Book 6: Boreas and Orithyia
Reading time: 3 minutes. Word count: 500 words.
This tragedy sent Pandion down to the shadows of Tartarus before his time, before the last years of old age. His rule over the kingdom, and his wealth passed to Erectheus, whose ability for sound government, and superiority in warfare, was never in doubt. He had four sons and the same number of daughters, and two of the daughters were rivals in beauty. Of these two, Procris made you happy in marriage, Cephalus, grandson of Aeolus. But you, Boreas, god of the north wind, were long denied your beloved, Orithyia, harmed by your origins, with Tereus, among the Thracians.
This was so while Boreas wooed her, and preferred prayers to force. But when charm got him nowhere, he bristled with anger, which is his usual mood for too much of the time, and said 'I deserve it! Why have I relinquished my own weapons, force and ferocity, and anger and menacing moods, and turned to prayers, that are unbecoming for me to use? Force is fitting for me. By force, I drive forward the mists, by force move the sea. I overturn knotted oaks, harden the snow, and strike earth with hail. And, when I meet my brothers under the open sky (since that is my battleground) I struggle so fiercely with them that the midst of the heavens echoes with our collisions, and lightnings leap, hurled from the vaulted clouds. So, when I penetrate the hollow openings of the earth, and apply my proud back to the deepest cave roofs, I trouble the shades, and the whole world with the tremors. That is how I should have sought a wife, and not become Erectheus's son-in-law by prayer but by action.'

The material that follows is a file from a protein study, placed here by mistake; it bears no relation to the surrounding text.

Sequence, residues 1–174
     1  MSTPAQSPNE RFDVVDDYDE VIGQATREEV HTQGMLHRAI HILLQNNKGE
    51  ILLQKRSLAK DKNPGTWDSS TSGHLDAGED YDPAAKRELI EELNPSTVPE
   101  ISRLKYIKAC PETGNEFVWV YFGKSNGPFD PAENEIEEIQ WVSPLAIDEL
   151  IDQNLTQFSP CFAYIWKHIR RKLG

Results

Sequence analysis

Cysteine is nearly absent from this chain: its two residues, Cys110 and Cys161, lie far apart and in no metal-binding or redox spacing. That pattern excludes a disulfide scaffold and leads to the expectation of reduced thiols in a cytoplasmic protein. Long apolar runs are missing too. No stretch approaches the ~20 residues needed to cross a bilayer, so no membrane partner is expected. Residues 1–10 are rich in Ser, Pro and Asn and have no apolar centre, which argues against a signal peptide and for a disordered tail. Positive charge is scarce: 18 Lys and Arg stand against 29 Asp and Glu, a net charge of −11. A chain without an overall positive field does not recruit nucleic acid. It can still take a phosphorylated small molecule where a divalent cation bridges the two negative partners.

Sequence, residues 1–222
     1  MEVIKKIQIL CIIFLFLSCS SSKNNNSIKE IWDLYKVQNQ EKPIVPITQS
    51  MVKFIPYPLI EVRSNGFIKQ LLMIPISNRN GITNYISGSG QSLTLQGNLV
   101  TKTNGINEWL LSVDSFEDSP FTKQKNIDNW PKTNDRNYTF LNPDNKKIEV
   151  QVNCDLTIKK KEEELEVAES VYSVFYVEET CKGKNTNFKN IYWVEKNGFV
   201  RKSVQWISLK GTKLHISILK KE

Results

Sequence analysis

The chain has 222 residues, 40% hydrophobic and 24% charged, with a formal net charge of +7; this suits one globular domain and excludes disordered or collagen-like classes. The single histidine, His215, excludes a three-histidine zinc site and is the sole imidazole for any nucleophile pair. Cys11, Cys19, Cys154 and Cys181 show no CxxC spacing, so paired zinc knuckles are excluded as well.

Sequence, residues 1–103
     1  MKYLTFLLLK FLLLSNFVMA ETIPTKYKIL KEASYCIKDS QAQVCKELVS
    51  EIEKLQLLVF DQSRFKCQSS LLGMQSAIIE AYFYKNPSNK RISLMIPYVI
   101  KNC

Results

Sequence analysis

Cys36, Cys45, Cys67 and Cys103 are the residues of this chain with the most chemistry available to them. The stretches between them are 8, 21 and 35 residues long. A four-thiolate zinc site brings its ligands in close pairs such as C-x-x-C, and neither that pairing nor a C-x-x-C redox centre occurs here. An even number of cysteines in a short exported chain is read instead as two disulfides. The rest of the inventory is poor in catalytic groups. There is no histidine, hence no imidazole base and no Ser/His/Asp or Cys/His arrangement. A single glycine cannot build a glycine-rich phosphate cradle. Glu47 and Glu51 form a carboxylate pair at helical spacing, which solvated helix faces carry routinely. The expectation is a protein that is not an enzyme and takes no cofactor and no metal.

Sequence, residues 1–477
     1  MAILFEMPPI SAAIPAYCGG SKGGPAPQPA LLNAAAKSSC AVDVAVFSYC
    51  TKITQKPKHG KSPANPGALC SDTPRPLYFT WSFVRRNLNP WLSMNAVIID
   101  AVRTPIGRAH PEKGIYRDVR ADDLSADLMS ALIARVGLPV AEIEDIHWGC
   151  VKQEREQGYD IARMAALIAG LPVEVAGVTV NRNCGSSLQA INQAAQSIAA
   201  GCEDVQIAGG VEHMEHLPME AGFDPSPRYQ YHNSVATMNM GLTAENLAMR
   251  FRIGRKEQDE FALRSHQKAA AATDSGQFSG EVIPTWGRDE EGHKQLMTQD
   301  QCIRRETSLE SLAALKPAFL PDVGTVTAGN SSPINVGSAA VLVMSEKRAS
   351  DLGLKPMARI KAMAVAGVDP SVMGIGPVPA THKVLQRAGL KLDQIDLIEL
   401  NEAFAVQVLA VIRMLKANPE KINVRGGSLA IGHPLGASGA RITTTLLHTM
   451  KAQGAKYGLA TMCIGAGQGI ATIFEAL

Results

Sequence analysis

With these, or other equally forceful words, Boreas unfurled his wings, by whose beating the whole world is stirred, and made the wide ocean tremble. Trailing his cloak of dust over the mountain summits, he swept the land, and, shrouded in darkness, the lover embraced his Orythia, with his dusky wings, as she shivered with fear. As he flew, his own flames of passion were fanned, and burned fiercer. Nor did the thief halt in his flight through the air, till he reached the walls of the city and people of Thrace, the Cicones.
There the girl from Attica married the chilly tyrant, and became a mother, giving birth to twin brothers, who took after their mother, in everything else but their father's wings. Yet they say the wings were not present, on their bodies, when they were born, but while they still were lacking beards, to match their red hair, Calais, and Zetes, as boys, were wingless. But both alike, soon after, began to sprout the pinions of birds on their shoulders, and both their jaws and cheeks grew tawny. And, when their boyhood was over, the youths sailed, as Argonauts, with the Minyans, in that first ship, through unknown seas, to seek the glittering wool of a golden fleece.
[This is the end of Book 6 of Ovid's Metamorphoses, and Book 7 picks up on this thread of the story, telling about Jason and the Argonauts, and their quest for the golden fleece. We are going to skip ahead to Book 12 of the Metamorphoses in order to read the famous story of Orpheus and Eurydice.]
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Source: Ovid's Metamorphoses. English translation by A.S.Kline. 2000. "This work MAY be FREELY reproduced, stored and transmitted, electronically or otherwise, for any NON-COMMERCIAL purpose." Website: Ovid and Others.
MLLL-2003. World Literature: Frametales. Laura Gibbs, Ph.D.
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